Liliana Sanjurjo, Desirée Azevedo, and Larissa Nadai
This article analyses the management of bodies in Brazil within the context of the COVID-19 pandemic. Its objective is to examine how the confluence of underreporting, inequality and alterations in the forms of classifying and managing bodies has produced a political practice that aims at the mass infection of the living and the quick disposal of the dead. We first present the factors involved in the process of underreporting of the disease and its effects on state registration and regulation of bodies. Our analysis then turns to the cemetery to problematise the dynamics through which inequality and racism are re-actualised and become central aspects of the management of the pandemic in Brazil. We will focus not only on the policies of managing bodies adopted during the pandemic but also on those associated with other historical periods, examining continuities and ruptures, as well as their relationship to long-term processes.
Presumed black immunity to yellow fever and the racial politics of burial labour in 1855 Portsmouth and Norfolk, Virginia
Michael D. Thompson
Epidemic disease regularly tore through nineteenth-century American cities, triggering public health crises and economic upheaval. These epidemic panics also provoked new racialised labour regimes, affecting the lives of innumerable working people. During yellow fever outbreaks, white authorities and employers preferred workers of colour over ‘unacclimated’ white immigrants, reflecting a common but mistaken belief in black invulnerability. This article chronicles enslaved burial labourers in antebellum Virginia, who leveraged this notion to seize various privileges – and nearly freedom. These episodes demonstrate that black labour, though not always black suffering or lives, mattered immensely to white officials managing these urban crises. Black workers were not mere tools for protecting white wealth and health, however, as they often risked torment and death to capitalise on employers’ desperation for their essential labour. This history exposes racial and socioeconomic divergence between those able to shelter or flee from infection, and those compelled to remain exposed and exploitable.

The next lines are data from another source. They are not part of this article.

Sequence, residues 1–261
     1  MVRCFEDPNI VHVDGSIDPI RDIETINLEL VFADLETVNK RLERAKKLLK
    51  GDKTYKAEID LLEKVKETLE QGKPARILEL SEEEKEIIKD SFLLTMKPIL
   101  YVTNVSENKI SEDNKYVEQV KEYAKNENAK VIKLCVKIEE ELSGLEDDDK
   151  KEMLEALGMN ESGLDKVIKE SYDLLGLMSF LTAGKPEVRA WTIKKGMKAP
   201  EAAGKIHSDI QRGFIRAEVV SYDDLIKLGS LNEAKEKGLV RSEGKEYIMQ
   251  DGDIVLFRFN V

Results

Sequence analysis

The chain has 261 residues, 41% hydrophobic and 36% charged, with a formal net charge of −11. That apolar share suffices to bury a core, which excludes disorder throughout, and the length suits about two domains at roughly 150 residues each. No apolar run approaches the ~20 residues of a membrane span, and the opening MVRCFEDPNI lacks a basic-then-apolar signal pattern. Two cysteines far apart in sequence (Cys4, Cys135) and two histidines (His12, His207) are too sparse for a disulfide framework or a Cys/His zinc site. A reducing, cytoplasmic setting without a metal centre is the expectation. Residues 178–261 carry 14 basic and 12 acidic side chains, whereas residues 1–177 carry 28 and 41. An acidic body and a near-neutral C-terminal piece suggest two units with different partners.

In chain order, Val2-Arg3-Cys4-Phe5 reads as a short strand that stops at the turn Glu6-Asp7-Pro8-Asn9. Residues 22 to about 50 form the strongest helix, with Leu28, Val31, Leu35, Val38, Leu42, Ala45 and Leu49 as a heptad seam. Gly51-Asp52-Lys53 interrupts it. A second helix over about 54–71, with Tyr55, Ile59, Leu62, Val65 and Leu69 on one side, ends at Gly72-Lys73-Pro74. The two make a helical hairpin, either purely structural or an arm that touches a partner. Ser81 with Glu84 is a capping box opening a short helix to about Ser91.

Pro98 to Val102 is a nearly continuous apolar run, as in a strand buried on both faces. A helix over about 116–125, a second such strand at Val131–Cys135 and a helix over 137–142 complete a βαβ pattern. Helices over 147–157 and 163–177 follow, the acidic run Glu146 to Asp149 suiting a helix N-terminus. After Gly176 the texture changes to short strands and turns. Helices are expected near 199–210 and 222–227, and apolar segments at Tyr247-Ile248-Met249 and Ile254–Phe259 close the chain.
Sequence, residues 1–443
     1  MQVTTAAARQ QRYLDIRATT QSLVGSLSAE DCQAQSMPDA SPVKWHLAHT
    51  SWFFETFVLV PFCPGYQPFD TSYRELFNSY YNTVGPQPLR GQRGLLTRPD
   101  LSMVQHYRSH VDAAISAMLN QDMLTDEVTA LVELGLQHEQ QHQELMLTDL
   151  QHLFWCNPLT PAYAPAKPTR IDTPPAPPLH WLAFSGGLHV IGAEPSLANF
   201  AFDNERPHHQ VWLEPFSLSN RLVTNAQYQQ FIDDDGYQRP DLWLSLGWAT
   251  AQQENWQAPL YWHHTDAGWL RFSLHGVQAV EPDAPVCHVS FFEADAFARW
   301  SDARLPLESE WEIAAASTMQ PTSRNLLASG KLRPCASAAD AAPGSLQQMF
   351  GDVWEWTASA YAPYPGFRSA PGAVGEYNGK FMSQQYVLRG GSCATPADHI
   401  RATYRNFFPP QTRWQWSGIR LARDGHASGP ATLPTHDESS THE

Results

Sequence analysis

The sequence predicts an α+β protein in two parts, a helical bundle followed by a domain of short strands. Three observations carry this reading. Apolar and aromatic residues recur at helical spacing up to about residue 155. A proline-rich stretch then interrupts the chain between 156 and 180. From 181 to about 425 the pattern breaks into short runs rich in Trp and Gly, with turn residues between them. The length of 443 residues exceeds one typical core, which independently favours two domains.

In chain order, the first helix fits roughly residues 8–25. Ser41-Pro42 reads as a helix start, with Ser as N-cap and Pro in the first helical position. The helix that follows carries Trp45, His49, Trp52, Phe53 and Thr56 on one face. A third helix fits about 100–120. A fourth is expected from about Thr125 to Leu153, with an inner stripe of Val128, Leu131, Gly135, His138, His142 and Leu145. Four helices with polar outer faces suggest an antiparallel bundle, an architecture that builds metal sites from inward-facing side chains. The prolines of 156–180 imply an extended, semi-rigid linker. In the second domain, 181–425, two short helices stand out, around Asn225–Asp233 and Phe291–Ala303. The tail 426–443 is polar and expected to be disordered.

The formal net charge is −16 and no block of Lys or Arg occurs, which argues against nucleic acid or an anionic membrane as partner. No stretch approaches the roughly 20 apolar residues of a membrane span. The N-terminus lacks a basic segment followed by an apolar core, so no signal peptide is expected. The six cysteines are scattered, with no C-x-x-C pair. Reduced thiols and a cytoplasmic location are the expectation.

Anti-racist scholar-activism raises urgent questions about the role of contemporary universities and the academics who work within them. As profound socio-racial crises collide with mass anti-racist mobilisations, this book focuses on the praxes of academics working within, and against, their institutions in pursuit of anti-racist social justice. Amidst a searing critique of the university’s neoliberal and imperial character, Joseph-Salisbury and Connelly situate the university as a contested space, full of contradictions and tensions. Drawing upon original empirical data, the book considers how anti-racist scholar-activists navigate barriers and backlash in order to leverage the opportunities and resources of the university in service to communities of resistance. Showing praxes of anti-racist scholar-activism to be complex, diverse, and multifaceted, and paying particular attention to how scholar-activists grapple with their own complicities in the harms perpetrated and perpetuated by higher education institutions, this book is a call to arms for academics who are, or would like to be, committed to social justice.
Opposition to anti-racist scholar-activism within the academy
Remi Joseph-Salisbury and Laura Connelly